Friday, July 22, 2011

Flycatching treenagers

Blue tit youngling
Yup, so I’m back in the city once again enjoying the bird drought. Not that I am complaining because I did manage to find some of my favourite common songbirds and photograph them at least slightly better than past efforts. My tip of the week I guess is that like the wrens before, treecreepers have now erupted from their nests and are more approachable and easier to view then the adults usually are. I’ve seen about twelve in all in different places around the city. 
First tree? He'll never forget that
Thought I would point my camera at this chaffinch after I so rudely scared him away from the seed he was eating. One of our most colourful birds and thankfully one of our most common as well
Whilst doing my usual UCC rounds I was surprised to realize I was staring right down at a fledged spotted flycatcher (I was hoping for a coal tit), in fact it was staring right up at me and almost made for quite a good photo series, unfortunately it was largely obscured by foliage which slightly ruined the shots. Then again, it kind of personifies the spotted flycatcher as the somewhat private bird it is. The place I was viewing was from the staff car park which in fact overlooks the river areas of UCC. This spot always gives me a rarely found top down view as well as allowing me to see some of the canopy birds at eye level.
This would have been a rare and special moment & I guess it was, just not for my camera!
Calling for food, love the fact that it appears to have whiskers

To my astonishment I also had two warblers wander straight into the branches I was looking at, they look a bit willowish to me and since I didn’t get a good shot that reveals its leg colour i’m not sure which it is (chiffchaff or willow warbler). I’m not going to pin it down to one because admittedly I usually get these two wrong. (Dark legs means chiffchaff, but not always, doh!). At least we can safely conclude it’s not a wood warbler!

Must say, haven’t seen anything new this week but I am delighted to have gotten at least some sort of mentionable shot of a warbler this summer. I was almost ready to conclude that my luck was going to be even worse than last year in photographing one.

By the way, something of a weird sighting, the mid city fountain (which I know contains no fish) had about five adult herons peering into it at 2am the last day. Where they drinking, I’m not sure whether they drink or get their moisture in take from their prey, also, why the fountain and not the water that runs through much of the city, perhaps it’s too brackish in the canals, they certainly weren’t planning on roosting there being surrounded by hundreds of drunken folks, what the heck?

Friday, July 15, 2011

Entomologica amateuris

I’m taking a few days off photography so I thought I’d leave today’s post as the bits I didn’t get to fit into my last few entries. Namely the butterflies and insects of County Cork!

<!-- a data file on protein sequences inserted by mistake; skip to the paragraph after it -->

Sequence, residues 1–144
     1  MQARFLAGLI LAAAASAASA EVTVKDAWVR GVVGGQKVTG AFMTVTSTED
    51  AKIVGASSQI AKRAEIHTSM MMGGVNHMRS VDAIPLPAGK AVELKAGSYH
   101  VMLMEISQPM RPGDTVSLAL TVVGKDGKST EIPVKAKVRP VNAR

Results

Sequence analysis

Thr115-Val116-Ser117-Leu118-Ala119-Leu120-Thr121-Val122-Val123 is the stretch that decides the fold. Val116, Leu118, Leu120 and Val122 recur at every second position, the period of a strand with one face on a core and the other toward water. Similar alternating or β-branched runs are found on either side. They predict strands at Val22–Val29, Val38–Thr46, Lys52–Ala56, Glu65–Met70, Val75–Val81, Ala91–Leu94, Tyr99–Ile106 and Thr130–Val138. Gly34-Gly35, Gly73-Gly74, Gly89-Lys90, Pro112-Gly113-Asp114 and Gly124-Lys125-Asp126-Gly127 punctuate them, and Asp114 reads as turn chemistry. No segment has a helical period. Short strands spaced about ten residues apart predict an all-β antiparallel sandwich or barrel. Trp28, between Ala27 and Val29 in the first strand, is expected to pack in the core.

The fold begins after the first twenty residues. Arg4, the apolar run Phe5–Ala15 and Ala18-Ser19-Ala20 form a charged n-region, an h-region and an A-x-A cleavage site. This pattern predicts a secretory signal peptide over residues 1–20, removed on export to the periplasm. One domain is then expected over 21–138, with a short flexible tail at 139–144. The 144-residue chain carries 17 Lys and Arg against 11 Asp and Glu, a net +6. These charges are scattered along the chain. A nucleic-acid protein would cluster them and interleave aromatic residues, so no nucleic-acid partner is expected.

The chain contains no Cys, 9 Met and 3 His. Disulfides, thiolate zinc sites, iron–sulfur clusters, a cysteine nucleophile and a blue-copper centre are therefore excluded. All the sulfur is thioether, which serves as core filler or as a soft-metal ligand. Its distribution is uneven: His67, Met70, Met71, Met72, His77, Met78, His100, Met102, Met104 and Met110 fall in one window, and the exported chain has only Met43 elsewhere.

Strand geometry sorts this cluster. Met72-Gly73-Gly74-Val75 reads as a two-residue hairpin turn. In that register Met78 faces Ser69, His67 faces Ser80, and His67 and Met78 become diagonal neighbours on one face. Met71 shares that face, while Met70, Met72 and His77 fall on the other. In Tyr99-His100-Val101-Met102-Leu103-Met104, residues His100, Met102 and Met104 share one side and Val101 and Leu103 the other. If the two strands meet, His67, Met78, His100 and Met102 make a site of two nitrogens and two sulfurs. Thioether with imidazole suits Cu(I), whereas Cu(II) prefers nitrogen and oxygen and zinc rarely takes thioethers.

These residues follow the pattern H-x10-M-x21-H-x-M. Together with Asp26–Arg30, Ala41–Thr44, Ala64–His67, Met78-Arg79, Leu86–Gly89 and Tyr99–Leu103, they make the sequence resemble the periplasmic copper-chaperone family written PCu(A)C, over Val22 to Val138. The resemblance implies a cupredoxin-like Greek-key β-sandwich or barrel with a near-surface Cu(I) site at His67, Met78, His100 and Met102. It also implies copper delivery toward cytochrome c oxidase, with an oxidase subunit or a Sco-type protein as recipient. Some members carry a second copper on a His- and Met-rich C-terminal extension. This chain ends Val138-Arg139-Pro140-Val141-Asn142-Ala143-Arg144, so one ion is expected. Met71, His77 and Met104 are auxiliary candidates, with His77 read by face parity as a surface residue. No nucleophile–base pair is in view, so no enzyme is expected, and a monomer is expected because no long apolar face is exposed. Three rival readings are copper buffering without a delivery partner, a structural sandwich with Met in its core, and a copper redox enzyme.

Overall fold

A green veined white (Pieris napi), I was quite sad to learn that I missed the closely related Orange tip's flying season before I got a shot!
What is it? I don't know, do you know?. A giant fly? I intend to find out but only when I get a good insect field guide, google images just doesn't work too well for insect ID's :-D
A meadow brown (Maniola jurtina), common but a pain in the **** to chase around the place
Red admiral (Vanessa atalanta), I'm starting to think these guys are like vampires in that no shot of them ever seems to work out quite right (do they show up in mirrors I wonder)
Red admiral from the side
A red tailed bumblebee I think but I still have to run it through my ID'ing process!
Look a cricket! Don't think he'll be starting any locust plagues tho
Gall wasp galls by the look of it, tiny wasps that can cause trees to form growths in which their larvae can develop, slightly nightmarish but at least its only a tree. Many species of wasp lay their eggs in other insects causing them to be devoured from the inside out. Galloulish you might say!

A ringlet butterfly (Aphantopus hyperantus), surprisingly picturesque considering its brown. They are currently everywhere, hundreds seen in Blarney and Ballycotton this week!

Seems to have crash landed!
Didn't actually see the bee untill I got home and looked at the jpeg
Large white (Pieris brassicae), hard to tell apart these Pieris butterflies...
One of those waterskating bugs, bet you can't do that!

Nother red tailed bumblebee (Bombus lapidarius) I think...


Spurred on by my recent lack of bird finds in the city I decided to take a day trip down to Ballycotton. First time! Although it didn’t have quite as many species as it does on other months I was definitely not disappointed. I gave some thought about whether to show the good stuff first in this blog post or whether to leave it until the end. I decided on the latter!